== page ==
JAMA Psychiatry: Validation of Computerized Adaptive Screen Reliably Predicts Youth Suicide Attempts
In 2018, the US reported the highest annual number of adolescent suicide deaths to date. Data has shown that less than half of adolescents who die by suicide have ever received mental health treatment, but approximately 19% of all US adolescents do visit a hospital emergency room annually. In a study recently published in JAMA Psychiatry, the emergency room has been identified by experts in youth suicide as particularly well-suited to suicide risk screening in teenagers.
To address challenges to emergency departments’ capacity to conduct suicide screening, a group of scientists including corresponding author Cheryl King, PhD (University of Michigan) and David Brent, MD (Distinguished Professor of Psychiatry, Pediatrics, Epidemiology, and Clinical and Translational Science and Endowed Chair in Suicide Studies) from Pitt Psychiatry, along with statistician Robert Gibbons, PhD, at the University of Chicago developed a computerized adaptive test for suicidal youth (CASSY) designed to provide a continuous risk score for the likelihood of a suicide attempt within three months.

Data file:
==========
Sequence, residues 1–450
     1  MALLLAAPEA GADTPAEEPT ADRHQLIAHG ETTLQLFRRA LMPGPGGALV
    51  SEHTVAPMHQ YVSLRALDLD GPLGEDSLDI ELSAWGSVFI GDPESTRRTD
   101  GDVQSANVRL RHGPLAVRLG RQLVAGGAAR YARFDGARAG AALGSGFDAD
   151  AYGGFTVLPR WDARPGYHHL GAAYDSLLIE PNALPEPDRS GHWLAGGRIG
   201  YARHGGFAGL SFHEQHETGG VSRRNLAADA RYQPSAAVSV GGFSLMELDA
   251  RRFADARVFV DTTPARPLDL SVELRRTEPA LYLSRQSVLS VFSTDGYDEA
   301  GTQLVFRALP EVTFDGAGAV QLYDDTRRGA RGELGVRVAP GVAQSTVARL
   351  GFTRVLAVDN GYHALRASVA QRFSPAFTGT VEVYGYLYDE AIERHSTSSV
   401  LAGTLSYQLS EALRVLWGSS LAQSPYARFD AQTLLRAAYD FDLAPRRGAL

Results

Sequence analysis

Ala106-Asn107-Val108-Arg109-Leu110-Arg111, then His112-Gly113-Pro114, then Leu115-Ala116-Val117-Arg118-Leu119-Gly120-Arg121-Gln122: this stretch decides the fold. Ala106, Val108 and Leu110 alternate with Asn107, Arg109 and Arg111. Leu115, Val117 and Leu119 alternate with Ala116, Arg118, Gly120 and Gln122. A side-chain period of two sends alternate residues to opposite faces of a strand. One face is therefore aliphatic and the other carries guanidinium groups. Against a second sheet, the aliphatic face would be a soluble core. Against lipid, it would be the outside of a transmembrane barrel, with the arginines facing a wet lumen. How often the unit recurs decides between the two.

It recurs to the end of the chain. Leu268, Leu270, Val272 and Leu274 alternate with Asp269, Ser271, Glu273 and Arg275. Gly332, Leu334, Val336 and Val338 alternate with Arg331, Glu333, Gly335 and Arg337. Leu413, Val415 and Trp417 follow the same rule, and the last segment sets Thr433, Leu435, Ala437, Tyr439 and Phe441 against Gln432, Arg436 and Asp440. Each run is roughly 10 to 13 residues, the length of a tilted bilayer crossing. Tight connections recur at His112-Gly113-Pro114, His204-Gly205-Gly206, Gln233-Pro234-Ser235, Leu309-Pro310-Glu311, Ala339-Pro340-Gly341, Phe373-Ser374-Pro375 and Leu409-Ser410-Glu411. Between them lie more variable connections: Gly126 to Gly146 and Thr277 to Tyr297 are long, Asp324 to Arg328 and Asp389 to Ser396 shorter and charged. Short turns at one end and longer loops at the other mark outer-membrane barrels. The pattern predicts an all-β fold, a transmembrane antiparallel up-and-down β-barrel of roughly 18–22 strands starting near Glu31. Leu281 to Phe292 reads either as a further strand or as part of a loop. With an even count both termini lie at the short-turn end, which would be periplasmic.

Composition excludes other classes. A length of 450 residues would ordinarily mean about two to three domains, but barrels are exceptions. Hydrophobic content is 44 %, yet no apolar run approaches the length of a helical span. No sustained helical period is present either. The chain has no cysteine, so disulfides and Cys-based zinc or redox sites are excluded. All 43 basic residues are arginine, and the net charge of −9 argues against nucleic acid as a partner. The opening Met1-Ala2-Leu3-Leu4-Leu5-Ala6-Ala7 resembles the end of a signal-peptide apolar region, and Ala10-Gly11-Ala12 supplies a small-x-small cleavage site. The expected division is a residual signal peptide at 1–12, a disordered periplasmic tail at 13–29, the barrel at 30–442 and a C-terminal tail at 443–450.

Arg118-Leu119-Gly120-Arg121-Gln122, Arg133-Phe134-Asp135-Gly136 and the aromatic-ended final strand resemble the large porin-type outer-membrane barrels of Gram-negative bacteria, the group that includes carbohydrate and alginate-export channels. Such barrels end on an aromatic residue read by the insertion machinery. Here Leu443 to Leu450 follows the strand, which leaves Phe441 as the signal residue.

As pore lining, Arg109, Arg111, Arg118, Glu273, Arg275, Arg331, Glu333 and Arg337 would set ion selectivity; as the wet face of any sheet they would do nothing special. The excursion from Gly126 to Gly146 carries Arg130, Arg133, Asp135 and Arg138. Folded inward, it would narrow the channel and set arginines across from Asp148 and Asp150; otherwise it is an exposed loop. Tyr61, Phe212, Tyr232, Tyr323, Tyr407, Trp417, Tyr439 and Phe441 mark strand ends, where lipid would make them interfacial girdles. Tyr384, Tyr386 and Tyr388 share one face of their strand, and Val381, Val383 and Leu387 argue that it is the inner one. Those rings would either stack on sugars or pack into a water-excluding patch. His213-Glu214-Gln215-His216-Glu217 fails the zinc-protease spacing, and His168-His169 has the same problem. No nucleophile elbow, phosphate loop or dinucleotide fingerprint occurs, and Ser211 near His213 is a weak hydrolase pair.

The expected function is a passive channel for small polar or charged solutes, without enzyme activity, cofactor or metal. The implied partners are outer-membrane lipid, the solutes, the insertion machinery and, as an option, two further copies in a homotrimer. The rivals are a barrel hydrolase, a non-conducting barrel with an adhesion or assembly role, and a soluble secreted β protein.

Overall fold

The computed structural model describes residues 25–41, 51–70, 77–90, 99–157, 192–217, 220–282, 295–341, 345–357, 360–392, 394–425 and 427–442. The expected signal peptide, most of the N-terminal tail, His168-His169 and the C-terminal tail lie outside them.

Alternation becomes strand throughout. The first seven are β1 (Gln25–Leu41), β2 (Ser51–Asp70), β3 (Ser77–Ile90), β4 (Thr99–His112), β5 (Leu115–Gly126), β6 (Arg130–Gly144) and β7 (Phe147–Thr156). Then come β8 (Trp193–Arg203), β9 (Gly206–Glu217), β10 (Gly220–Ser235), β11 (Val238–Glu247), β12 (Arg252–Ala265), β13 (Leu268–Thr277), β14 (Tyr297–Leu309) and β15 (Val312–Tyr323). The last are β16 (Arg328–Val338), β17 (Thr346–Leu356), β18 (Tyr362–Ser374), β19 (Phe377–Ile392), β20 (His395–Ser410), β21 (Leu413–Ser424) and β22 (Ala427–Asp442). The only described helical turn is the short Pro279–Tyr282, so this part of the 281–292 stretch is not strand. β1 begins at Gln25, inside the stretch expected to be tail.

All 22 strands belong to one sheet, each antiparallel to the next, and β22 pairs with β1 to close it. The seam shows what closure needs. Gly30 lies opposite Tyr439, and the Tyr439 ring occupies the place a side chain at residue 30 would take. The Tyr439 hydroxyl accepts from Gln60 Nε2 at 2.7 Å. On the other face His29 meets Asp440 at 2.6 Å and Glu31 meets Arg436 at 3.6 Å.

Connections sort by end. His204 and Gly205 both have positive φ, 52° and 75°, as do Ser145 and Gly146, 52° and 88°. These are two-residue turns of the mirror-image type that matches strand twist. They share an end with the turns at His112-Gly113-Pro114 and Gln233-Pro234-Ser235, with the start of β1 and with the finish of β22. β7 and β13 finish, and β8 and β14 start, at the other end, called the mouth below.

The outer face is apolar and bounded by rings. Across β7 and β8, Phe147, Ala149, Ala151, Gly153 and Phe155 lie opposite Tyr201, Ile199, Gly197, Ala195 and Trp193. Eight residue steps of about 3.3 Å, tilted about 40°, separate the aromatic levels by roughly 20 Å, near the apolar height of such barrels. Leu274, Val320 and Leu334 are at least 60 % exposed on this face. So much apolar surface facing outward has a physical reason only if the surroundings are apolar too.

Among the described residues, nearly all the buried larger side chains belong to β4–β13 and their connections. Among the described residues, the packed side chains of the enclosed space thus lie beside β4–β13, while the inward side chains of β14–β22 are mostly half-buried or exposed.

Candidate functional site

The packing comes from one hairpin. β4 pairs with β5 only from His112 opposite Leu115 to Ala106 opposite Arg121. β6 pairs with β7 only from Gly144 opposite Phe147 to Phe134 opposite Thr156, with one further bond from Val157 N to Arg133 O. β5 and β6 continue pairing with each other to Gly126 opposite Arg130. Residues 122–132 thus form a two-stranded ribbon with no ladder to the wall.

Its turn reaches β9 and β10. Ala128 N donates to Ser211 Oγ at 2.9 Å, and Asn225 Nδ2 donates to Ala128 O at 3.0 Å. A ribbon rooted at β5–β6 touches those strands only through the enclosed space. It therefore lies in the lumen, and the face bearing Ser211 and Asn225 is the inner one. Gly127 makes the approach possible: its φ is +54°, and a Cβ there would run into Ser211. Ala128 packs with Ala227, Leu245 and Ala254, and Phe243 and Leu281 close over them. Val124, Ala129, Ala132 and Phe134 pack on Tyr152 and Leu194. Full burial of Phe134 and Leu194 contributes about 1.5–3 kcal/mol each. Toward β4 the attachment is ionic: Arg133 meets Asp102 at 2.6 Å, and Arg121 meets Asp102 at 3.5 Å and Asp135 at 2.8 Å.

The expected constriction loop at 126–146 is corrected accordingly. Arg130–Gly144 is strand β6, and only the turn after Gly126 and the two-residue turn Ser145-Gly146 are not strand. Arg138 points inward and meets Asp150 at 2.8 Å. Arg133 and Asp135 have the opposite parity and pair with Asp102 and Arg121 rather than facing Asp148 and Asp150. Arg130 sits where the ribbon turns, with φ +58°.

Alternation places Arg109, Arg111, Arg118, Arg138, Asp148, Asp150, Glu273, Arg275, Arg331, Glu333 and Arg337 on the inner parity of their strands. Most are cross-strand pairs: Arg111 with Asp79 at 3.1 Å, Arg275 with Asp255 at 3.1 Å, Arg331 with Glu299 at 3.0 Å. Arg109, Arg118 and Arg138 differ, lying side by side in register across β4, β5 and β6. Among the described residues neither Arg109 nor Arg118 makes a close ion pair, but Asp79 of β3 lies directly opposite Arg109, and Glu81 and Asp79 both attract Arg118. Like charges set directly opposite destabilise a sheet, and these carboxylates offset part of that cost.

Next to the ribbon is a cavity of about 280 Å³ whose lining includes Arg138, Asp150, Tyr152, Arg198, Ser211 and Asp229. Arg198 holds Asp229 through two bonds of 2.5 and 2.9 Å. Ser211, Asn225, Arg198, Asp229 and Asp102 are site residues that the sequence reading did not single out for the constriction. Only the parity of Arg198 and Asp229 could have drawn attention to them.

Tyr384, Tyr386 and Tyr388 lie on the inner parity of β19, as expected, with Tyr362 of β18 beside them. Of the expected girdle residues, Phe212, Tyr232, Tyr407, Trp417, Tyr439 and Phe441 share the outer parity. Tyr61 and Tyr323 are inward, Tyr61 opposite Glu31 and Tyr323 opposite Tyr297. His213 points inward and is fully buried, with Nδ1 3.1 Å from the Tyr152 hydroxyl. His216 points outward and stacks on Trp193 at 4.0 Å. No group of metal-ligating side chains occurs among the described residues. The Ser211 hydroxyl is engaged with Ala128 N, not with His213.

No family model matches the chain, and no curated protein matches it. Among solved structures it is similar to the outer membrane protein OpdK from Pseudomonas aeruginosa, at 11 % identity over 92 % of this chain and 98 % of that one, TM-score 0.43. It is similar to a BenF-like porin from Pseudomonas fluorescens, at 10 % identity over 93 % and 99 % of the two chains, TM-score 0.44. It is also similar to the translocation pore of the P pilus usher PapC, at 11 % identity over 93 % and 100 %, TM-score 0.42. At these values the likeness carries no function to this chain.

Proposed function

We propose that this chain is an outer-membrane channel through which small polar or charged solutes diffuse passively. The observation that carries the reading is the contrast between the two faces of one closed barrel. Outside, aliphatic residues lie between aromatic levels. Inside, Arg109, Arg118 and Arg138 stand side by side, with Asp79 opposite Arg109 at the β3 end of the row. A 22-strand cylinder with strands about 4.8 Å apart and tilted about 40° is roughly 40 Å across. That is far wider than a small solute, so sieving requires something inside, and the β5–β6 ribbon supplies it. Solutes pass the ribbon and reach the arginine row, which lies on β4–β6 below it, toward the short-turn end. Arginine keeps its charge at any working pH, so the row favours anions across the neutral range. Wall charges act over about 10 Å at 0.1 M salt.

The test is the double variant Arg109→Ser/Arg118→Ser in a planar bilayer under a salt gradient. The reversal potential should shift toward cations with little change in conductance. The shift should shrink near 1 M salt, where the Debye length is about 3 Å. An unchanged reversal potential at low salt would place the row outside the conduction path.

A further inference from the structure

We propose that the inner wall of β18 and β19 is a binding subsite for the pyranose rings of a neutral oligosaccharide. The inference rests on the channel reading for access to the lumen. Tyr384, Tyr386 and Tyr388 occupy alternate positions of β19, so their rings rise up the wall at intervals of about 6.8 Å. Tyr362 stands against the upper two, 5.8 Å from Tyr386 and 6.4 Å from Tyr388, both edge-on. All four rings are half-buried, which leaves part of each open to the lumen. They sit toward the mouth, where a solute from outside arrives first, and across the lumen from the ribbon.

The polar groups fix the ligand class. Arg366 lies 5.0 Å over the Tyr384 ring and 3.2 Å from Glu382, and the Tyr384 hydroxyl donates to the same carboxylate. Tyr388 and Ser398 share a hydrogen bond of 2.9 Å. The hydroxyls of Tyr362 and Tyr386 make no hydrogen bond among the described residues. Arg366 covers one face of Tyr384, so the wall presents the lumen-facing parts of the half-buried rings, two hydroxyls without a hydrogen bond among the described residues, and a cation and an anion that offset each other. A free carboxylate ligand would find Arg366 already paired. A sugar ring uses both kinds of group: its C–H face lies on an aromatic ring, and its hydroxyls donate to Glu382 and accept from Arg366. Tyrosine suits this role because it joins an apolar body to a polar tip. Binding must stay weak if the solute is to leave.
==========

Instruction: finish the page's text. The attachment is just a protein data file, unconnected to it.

In the first phase of the study, 2,075 adolescents recruited from emergency departments completed self-report questionnaires assessing suicidality and other mental health risk and protective factors, as well as a three-month follow-up by phone. Using these data, the scientists created CASSY, which was validated in the study’s second phase. In the second study, 2,754 adolescents completed the CASSY at baseline and then completed three-month follow-ups.
Data from this study indicated that the CASSY demonstrated a high predictive accuracy for suicide attempts, with an excellent balance of sensitivity and specificity, and is suitable for administration in busy emergency departments.
Dr. Brent, an international expert in the field of adolescent depression and suicide, said, “The CASSY shows promise for screening for suicide risk in pediatric emergency departments. The one big advantage of the CASSY is that you can adjust the sensitivity and specificity of the measure depending on local preferences and resources. We do know that screening alone cannot prevent future suicide attempts, but hopefully the CASSY, along with a brief intervention to promote safety planning and linkage to mental health services, could be an important step in reversing the relentless increase in suicidal behavior in American youth.”
Prospective Development and Validation of the Computerized Adaptive Screen for Suicidal Youth
King CA, Brent D, Grupp-Phelan H, et al.
JAMA Psychiatry. 2021;78(5):540–549. doi:10.1001/jamapsychiatry.2020.4576